First retrospective of one of the most famous representatives of New Objectivity, who is prominently represented in the collection of the Kunsthaus Zürich, although not with works of New Objectivity but mainly Dada.
The retrospective displaying 162 exhibits cast a light on the astonishingly wide range of this artist, who had been seen till now especially as a representative of Magic Realism and New Objectivity. At the time of this exhibition the so-called ‘Postmodern’ was predominant, so that the heterogenous creations of Christian Schad seemed especially contemporary. The initiator and curator of this pathbreaking project, Tobia Bezzola, summarized it on the first page of his catalog essay: ‘This artist comes out from under many key words: Jugendstil, Expressionism, Futurism, Cubism, Dadaism, Experimental Photography, Realism, Surrealism, New Objectivity, Magic Realism. This artist has no style, he is always totally style.’ In his words of thanks, the Kunsthaus Director Felix Baumann also emphasized that the exhibition could never have come into existence without Christian Schad’s widow, Bettina Schad, and this should not remain unmentioned here as well, especially since the catalog was explicitly dedicated to her. Schad came into the collection of the Kunsthaus relatively late, not until the 1970s with graphic prints and especially woodcuts. In 1980, thus during the artist’s lifetime, four important works came into the collection, thanks to funds from the Verein Zürcher Kunstfreunde (VZK, a supporters’ association dedicated to support Kunsthaus in art acquisition), namely Vorstadt, Composition en M, Transmission and Walter Serner. Unique ‘Schadographies’ (actually photograms) followed in the 1990s and the first decade of this century. This example makes it clear how closely collection and exhibition activities are associated with each other in the ideal case. Even if the artist can be criticized for certain settings in content (in particular those of a pornographic nature) the press honored the significance of this retrospective unanimously, on local, national and international levels. Interestingly, it was a French journalist, of all people, who wrote a particularly sophisticated and long report on this German artist, until then largely unknown in France, namely the famous-infamous art critic Philippe Dagen for Le Monde on September 21, 1997: ‘The retrospective brings together this gallery, Europe according to Schad is elegant and moribund […]. No pictorial effect: rather slick and slim material. No deformation: rather technical drawings à la [Karl] Hubbuch. No moment of compassion: rather the model as it is, three quarter or straightforward in front of a chosen décor. This neutral methodology, this art bare of qualification produced some masterpieces.’ (original: ‘La rétrospective réunit cette galerie, l’Europe selon Schad galante et moribonde […]. Pas un effet pictural: une matière lisse et mince. Pas une déformation: un dessin d’ingénieur à la [Karl] Hubbuch. Pas un instant de compassion: le modèle tel quel, de trois quarts ou de face, devant un décor choisi. Cette méthode neutre, cet art sans qualité ont produit quelques chefs d’œuvre.’) To this day there has been no comparably differentiated exhibition on Christian Schad, so that a repetition is urgently needed. With the gender debate of recent decades, new exciting themes of Schad’s works have shifted into focus, such as the image of new masculinity in Änne Söll’s research.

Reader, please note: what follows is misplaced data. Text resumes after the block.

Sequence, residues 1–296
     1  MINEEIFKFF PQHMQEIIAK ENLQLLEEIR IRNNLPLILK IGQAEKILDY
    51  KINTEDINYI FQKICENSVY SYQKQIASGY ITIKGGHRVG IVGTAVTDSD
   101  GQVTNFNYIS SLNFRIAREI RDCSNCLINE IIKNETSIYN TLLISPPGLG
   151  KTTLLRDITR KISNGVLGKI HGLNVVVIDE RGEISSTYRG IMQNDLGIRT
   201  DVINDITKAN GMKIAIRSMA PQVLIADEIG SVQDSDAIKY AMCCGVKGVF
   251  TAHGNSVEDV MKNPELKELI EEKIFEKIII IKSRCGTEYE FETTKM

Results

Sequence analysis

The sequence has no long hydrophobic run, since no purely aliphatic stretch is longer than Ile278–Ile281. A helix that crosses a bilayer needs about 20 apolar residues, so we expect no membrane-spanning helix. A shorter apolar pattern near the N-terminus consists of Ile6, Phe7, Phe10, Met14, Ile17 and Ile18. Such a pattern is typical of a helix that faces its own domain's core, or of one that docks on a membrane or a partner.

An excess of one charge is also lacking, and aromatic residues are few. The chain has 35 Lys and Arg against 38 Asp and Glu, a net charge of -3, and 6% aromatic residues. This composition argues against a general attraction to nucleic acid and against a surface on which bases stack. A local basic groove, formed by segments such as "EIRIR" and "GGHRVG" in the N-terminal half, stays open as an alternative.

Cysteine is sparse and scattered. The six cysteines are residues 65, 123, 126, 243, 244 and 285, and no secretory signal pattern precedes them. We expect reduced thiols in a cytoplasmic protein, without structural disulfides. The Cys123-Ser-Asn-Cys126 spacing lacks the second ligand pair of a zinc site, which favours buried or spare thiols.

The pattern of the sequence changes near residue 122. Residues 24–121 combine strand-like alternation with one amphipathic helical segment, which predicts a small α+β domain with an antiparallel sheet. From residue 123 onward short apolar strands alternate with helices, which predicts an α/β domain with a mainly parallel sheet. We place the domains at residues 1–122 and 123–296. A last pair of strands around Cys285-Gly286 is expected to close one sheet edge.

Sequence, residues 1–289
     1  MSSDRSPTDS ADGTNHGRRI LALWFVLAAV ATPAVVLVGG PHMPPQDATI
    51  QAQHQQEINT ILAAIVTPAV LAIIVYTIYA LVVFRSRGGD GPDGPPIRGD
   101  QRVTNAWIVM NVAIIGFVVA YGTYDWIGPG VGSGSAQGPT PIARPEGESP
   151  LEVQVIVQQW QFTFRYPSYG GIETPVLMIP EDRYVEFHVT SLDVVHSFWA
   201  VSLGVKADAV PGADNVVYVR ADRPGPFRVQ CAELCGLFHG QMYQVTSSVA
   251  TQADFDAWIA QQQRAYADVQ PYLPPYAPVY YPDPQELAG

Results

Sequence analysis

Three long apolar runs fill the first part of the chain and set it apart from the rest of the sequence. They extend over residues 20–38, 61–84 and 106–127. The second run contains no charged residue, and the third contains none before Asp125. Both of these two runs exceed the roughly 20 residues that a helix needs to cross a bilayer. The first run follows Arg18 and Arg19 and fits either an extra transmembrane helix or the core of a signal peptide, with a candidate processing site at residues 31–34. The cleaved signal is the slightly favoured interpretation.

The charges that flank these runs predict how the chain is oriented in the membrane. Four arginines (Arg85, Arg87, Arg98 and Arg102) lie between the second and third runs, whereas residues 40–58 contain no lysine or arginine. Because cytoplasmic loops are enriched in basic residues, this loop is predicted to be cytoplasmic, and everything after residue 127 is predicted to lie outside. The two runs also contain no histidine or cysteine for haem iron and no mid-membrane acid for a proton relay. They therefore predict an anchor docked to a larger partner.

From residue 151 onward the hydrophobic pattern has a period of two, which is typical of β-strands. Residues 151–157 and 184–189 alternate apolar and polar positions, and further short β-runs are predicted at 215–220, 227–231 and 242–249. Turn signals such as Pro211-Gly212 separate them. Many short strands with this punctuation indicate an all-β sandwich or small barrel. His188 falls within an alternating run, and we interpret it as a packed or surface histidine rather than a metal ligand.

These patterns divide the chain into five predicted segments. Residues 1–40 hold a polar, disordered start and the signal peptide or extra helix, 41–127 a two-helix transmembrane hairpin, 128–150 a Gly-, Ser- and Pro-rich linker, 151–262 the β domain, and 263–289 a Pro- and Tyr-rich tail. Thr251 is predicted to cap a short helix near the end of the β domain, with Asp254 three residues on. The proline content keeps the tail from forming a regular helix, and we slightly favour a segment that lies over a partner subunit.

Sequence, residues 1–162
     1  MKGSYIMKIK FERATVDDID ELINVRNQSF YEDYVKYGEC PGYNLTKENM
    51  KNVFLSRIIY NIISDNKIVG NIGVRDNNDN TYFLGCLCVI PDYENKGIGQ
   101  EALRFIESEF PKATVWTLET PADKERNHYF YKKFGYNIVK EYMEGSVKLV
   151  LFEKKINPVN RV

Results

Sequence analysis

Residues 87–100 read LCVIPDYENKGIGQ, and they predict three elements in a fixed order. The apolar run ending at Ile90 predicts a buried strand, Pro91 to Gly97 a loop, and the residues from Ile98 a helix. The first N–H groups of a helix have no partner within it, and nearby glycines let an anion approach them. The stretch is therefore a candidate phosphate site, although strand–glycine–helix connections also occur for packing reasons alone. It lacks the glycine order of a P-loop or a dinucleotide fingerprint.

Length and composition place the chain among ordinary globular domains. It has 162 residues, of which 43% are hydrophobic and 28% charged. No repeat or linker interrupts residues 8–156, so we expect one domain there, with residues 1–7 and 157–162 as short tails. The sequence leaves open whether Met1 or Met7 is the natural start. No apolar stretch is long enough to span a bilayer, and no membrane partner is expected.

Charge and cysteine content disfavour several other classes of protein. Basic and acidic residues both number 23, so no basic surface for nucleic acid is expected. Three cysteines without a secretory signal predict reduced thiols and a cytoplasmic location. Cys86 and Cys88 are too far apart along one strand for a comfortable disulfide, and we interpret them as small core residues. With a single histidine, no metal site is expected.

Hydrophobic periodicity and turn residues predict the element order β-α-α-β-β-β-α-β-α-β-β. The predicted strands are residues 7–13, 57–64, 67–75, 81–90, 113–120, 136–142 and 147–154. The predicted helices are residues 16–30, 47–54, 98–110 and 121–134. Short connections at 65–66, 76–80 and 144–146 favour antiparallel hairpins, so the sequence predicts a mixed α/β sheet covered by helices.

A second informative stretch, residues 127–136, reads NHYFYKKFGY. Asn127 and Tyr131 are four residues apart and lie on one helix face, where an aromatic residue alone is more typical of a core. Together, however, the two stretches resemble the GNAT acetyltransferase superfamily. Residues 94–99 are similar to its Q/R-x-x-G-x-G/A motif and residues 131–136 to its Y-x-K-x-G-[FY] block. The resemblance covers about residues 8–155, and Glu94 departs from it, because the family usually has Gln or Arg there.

no exhibition catalog online
'Anyone who lets the public in on his intentions betrays them' (Walter Serner, 'Letzte Lockerung', 1927) – Like no other, Walter Serner (also painted by Christian Schad) realized what mental attitudes Schad represented in his art.